Another milestone will be passed next week in Britain's slow transformation into a country that recycles its rubbish - the first prosecution of a householder for failing to recycle properly.
Donna Challice, from Exeter, is due in court in Devon on Monday accused of "contaminating" waste collections by putting non-recyclable items in her green bin - which is only designed to hold paper, cans, plastic and paper.
Ms Challice, 38, who has three children, may have to pay £1,000 in fines and court costs if she is found guilty in a test case brought by Exeter City Council.
A spokesman for the council said legal action was taken "as a last resort" after Ms Challice was sent several warning letters. He said the prosecution would send out a "stark warning" about recycling rules. Mike Trim, the authority's head of cleansing services, said just one resident abusing their green bin could contaminate recyclable waste from 300 other households. "We believe this is the first case in the country," he said. "Prosecution is the last resort. But it is one we are prepared to take. Council officers work hard to ensure residents understand the scheme and which items can be placed in which containers. We try to educate and convince so that people will know how it all works and go along with it."
Ms Challice will appear at Cullompton magistrates' court on Monday charged with an offence under section 46 of the Environmental Protection Act 1990.
Under the Act, local authorities have the power to specify how people separate their waste, which bin it should be put in and which day it should be collected. In 2005, Exeter City Council sent 1,500 first warning letters to residents, 300 second letters and around 15 or 20 people - including Ms Challice - were sent a final warning.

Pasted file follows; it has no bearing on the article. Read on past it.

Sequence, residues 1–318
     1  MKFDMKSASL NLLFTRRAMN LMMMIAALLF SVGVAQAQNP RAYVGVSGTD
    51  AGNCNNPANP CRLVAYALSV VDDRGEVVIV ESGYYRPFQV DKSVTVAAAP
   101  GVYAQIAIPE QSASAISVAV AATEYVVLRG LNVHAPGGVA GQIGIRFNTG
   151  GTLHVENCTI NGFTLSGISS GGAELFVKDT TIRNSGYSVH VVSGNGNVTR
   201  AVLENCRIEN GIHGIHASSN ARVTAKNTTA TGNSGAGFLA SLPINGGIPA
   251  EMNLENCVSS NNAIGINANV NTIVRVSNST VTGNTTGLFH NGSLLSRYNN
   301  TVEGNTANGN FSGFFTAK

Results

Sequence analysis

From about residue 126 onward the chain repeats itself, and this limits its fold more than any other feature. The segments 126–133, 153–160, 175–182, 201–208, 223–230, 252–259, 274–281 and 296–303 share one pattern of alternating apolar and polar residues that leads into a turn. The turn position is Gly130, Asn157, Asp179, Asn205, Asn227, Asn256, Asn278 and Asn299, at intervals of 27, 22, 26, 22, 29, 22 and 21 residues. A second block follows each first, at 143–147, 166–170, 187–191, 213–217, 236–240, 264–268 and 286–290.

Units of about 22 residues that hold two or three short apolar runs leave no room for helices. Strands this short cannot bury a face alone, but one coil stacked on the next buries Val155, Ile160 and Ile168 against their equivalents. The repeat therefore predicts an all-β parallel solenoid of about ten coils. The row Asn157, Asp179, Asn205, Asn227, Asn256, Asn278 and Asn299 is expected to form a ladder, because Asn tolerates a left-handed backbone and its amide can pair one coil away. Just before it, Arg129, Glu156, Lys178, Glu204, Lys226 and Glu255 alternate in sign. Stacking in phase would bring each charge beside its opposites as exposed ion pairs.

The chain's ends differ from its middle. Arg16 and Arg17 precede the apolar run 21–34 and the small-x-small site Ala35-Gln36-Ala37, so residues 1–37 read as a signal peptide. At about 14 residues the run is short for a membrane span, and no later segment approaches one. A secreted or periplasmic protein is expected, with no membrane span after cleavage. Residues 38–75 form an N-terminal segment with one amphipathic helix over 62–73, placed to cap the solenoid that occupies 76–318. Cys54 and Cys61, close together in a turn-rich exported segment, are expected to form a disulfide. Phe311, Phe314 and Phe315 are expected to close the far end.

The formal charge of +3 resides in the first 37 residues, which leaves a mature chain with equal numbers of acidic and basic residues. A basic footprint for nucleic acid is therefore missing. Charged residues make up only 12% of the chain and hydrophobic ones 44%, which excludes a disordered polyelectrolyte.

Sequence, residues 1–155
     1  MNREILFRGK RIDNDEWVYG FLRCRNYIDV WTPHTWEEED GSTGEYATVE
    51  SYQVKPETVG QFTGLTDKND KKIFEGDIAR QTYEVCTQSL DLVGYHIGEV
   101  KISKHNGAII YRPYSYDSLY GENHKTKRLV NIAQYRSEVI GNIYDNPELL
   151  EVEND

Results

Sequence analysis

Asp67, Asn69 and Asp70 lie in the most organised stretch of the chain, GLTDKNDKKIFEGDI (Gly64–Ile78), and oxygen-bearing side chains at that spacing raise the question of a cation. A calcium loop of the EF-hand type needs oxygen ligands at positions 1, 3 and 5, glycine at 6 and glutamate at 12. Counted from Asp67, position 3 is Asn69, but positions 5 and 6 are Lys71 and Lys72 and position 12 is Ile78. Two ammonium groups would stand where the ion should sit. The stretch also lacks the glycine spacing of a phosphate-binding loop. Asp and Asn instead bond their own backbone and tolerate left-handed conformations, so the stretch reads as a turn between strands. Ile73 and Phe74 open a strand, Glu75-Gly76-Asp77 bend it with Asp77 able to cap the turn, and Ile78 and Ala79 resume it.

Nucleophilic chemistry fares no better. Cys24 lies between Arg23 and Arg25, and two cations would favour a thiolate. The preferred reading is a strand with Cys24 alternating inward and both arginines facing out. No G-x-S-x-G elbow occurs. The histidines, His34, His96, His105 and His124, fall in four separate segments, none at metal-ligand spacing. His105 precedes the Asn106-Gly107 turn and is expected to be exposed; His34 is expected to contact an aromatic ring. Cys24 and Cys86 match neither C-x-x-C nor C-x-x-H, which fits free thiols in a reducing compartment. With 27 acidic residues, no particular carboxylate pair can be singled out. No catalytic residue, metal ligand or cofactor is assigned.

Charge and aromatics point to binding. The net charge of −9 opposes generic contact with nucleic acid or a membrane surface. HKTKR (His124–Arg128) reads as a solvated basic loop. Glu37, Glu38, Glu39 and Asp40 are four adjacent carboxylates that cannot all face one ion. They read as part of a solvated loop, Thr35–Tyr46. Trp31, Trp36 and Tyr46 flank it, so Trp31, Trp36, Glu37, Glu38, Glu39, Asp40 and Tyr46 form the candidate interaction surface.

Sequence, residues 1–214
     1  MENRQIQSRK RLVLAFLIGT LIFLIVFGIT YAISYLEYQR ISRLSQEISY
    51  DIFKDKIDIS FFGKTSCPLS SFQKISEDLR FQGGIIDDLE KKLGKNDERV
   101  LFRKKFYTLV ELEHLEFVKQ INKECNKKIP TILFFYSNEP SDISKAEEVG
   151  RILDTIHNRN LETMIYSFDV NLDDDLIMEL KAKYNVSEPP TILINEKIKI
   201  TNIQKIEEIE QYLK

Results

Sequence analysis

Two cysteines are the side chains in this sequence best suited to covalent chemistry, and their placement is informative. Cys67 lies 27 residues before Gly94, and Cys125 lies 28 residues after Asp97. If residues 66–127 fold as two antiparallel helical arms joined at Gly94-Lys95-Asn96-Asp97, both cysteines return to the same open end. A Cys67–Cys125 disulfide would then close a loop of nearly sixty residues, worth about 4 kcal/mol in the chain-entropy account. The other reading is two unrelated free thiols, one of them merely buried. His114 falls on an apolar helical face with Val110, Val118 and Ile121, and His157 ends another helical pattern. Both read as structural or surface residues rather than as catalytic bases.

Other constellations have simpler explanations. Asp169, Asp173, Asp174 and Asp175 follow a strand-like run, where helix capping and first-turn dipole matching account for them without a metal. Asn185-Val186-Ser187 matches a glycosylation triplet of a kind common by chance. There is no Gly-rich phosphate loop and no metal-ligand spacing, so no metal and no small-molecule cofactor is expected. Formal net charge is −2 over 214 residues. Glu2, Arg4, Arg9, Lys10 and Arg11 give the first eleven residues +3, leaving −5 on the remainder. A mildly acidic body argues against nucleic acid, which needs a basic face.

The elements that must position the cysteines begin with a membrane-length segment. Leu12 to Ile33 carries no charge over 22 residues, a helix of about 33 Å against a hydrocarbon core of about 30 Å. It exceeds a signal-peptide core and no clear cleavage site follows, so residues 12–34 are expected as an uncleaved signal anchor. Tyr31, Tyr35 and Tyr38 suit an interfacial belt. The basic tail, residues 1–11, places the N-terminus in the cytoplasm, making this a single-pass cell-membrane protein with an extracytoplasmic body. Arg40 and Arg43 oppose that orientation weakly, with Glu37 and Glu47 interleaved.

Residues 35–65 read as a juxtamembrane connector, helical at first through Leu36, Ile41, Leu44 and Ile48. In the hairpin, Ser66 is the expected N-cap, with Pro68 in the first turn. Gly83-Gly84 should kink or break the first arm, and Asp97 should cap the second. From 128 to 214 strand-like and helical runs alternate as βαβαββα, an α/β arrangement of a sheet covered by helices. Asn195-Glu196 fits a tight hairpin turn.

But Ms Challice, who is unemployed, accused the council of being "petty" and said she was simply concentrating on bringing up her children, Warren, 14, Kimberly, 12, and Ryan, 10. "I've got far more important things to worry about," she said. "The council is being petty but if they want to spend their time and money taking this to court they can. It's a day out for me but I can't afford to pay the fine.
"There is land near the back of my home that is always being used as a dumping zone for fridges and freezers. The council should spend their money clearing that up instead."
A spokesman for the Department for Environment, Food and Rural Affairs said it was the first such action brought under the Act. The minister responsible for recycling at the department, Ben Bradshaw - who is MP for Exeter - said it was important for everyone to recycle seriously. "Failure to do so damages the environment and costs our fellow council taxpayers," he said. From 6 April people who disobey recycling rules can face on-the-spot fines of £100 under the Clean Neighbourhoods Act. Britain's recycling rates are now steadily rising, after languishing for a long time near the bottom of the European recycling league. Latest figures show households are recycling 23 per cent of their waste. Nine years ago that figure was just 7.5 per cent.Reuse content